Surgery is performed in 50-70% of Crohn’s disease (CD) patients, and its main risk is surgical site infection (SSI). The microbiota has been extensively assessed in CD but not as a potential risk factor for septic morbidity. The objective of this study was to assess the impact of the gut microbiota on SSI in CD.
We used the multicentric REMIND prospective cohort to identify all patients who experienced SSI after ileocolonic resection for CD, defined as any postoperative local septic complication within 90 days after surgery: wound abscess, intra-abdominal collection, anastomotic leakage, enterocutaneous fistula. The mucosa-associated microbiota of the ileal resection specimen was analyzed by 16S sequencing in 149 patients. The variable selection and prediction were performed with random forests (R package VSURF) on clinical and microbiotal data. The criterion of performance that we considered was the area under the Receiver Operating Characteristic (ROC) curve (AUC).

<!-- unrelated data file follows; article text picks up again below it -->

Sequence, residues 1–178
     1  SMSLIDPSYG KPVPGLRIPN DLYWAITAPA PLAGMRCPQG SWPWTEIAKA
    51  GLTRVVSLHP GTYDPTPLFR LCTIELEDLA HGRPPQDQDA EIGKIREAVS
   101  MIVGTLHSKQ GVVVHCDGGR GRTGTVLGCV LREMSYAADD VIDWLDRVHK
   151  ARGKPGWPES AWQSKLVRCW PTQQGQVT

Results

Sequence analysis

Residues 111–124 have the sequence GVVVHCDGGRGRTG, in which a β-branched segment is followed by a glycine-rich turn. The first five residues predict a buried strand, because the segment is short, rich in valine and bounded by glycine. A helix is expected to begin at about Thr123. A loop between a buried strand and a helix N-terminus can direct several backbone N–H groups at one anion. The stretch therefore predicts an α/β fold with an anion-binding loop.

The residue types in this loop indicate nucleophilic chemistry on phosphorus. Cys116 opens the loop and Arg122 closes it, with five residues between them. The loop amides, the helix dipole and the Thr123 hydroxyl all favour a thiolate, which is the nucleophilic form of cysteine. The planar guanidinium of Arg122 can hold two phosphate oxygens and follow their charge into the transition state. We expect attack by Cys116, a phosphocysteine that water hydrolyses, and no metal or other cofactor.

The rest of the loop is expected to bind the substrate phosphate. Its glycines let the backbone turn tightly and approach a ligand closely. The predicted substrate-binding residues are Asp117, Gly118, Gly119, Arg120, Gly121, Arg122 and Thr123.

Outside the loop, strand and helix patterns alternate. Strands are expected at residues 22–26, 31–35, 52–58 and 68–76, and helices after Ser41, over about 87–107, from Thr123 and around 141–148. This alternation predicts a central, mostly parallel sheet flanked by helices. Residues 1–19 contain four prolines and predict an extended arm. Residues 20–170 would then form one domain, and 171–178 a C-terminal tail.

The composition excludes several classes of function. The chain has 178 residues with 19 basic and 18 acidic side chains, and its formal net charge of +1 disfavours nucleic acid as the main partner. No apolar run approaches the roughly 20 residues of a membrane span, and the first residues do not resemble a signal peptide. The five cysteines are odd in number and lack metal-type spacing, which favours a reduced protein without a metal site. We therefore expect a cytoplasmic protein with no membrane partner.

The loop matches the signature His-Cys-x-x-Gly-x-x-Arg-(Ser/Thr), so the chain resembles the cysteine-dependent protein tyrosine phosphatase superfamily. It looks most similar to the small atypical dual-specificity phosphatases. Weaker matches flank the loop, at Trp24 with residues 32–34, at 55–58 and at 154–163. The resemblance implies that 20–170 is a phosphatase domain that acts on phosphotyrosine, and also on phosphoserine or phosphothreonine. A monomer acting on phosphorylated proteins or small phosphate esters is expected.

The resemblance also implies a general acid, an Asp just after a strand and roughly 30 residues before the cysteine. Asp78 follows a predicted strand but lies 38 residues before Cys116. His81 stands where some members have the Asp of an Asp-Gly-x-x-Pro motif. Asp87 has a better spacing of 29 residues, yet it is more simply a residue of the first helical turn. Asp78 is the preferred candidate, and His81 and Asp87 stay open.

SSI occurred in 24 patients (16.1%), including 15 patients (10.1%) with major morbidity. There were no significant differences between patients with or without SSI regarding alpha and beta diversity. The top selected variables for the prediction of SSI were all microbiota-related. The maximum AUC (0.796) was obtained with a model including 14 genera, but an AUC of 0.78 was already obtained with a model including only six genera (Hungatella, Epulopiscium, Fusobacterium, Ruminococcaceae_ucg_009, Actinomyces, and Ralstonia).
The gut microbiota has the potential to predict SSI after ileocolonic resection for CD. It might play a role in this frequent postoperative complication.

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